Okay, it could help to be the Bionic Woman, especially when you have a 9 year old bolting down the street with the old guy in the end house about to reverse out of his driveway without looking in his mirrors.
*Chu chu chu chu chu chu noise*
Hammie Somers grabs Bratty and pulls her to safety just before the 1983 Cortina slides across the footpath where Bratty was skipping only seconds before....
(I actually used to pretend to be Jamie Sommers everytime I got new sneakers, but then I grew up in the Western suburbs of Melbourne and there wasn't much else to do)
So no, you do not have to strip back all your previous skills and ability to become a special needs parent. You can maintain your will over what kind of life you had set out to have, but you will have to accept some adaptations, and yes, discover your own particular bionic powers, while conceding some weaknesses.
In the past (the long past) parents were considered powerless in the face of disabilities and a child with severe needs would be taken away to be cared for by the church usually, or some other benevolent body, while you were left to concentrate on the next child who came along.
Then, when that system was found to be somewhat lacking and people began exposing the failings of these state sponsored but patron run services, we had to take all of the power and responsibility back.
The dismantling and discrediting of the old style services left a vacuum.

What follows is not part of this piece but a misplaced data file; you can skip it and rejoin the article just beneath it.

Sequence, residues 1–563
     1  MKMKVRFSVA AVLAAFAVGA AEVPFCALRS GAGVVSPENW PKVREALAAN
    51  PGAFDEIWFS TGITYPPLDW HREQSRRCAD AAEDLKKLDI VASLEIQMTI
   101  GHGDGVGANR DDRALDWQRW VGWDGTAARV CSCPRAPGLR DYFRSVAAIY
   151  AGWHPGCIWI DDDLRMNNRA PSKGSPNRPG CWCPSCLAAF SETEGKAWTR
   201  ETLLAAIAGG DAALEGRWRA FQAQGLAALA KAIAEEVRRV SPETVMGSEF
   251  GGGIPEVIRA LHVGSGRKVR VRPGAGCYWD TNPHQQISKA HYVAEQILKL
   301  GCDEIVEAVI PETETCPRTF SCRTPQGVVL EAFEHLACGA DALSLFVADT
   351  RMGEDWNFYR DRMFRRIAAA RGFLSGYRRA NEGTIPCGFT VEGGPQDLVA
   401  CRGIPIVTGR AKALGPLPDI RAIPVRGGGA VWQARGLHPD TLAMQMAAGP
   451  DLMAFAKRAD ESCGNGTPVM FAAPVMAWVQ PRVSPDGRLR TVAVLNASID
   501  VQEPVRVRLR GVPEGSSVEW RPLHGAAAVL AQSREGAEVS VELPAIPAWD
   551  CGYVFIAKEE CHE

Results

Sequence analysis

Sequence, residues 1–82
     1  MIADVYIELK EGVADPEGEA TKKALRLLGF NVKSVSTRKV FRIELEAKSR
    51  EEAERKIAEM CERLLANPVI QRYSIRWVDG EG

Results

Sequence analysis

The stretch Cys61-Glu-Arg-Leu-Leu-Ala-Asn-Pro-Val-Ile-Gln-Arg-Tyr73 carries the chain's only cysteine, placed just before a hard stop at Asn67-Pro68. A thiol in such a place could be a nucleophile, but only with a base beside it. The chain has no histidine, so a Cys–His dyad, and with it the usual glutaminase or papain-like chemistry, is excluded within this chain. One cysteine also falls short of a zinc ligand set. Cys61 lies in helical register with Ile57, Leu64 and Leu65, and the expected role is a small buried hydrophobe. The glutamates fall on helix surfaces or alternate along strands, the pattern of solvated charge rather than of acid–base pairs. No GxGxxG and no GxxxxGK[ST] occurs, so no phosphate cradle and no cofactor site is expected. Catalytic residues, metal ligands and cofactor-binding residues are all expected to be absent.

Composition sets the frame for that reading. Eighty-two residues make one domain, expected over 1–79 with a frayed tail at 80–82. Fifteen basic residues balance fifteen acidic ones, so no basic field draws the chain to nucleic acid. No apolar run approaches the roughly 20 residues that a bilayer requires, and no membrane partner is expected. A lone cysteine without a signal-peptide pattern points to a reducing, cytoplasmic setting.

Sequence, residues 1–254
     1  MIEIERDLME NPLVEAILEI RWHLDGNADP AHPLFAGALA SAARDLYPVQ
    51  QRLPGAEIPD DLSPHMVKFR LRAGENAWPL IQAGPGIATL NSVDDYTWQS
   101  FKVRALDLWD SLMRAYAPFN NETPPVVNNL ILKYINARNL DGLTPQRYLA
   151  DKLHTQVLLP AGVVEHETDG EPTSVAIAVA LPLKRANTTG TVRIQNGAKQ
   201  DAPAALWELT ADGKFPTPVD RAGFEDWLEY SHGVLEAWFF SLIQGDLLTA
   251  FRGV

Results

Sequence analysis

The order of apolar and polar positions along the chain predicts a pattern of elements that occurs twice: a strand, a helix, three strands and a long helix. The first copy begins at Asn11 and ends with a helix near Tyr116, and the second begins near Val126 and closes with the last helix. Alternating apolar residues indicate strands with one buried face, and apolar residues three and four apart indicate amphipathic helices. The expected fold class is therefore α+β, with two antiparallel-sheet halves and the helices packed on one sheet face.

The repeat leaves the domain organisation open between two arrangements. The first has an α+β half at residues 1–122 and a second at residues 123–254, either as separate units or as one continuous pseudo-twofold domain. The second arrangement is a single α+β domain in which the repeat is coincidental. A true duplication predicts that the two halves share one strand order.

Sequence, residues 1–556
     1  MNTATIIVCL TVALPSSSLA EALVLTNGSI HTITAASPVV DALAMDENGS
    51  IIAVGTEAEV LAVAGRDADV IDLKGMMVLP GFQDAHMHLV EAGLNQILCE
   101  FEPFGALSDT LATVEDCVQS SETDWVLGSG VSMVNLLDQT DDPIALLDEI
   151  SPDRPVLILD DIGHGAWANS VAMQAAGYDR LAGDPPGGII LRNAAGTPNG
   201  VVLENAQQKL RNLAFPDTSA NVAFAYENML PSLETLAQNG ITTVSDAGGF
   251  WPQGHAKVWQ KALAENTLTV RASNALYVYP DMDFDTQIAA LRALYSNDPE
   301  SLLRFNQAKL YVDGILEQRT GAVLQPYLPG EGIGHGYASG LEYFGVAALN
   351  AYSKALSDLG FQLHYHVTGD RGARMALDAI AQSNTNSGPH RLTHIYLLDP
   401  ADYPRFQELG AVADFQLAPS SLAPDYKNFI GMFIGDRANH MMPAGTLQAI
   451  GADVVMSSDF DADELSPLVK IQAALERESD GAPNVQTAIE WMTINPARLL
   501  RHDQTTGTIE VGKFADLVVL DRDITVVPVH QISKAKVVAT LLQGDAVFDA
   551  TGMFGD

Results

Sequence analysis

It also left a lot of people with the will to research and perhaps find better ways of dealing with special needs as they now experienced the effects first hand. And so they began to rebuild and create a service they wanted. One where they didn't have to give up their child. One where they could actually find a way to connect with their child, to work with the challenges, to recognise the strengths,
to have a relationship with their child that was equal to any other.
Now that these new services are established, and are being replicated by state bodies, it is tempting once again to offer it up and blindly follow the suggestions of these newly crowned experts. Especially the ones who have been to university for a few years.
And sadly some of these folk will believe in themselves to the extent that they lose respect for you The Parent. And just expect you to do what you are told. Even if it feels wrong.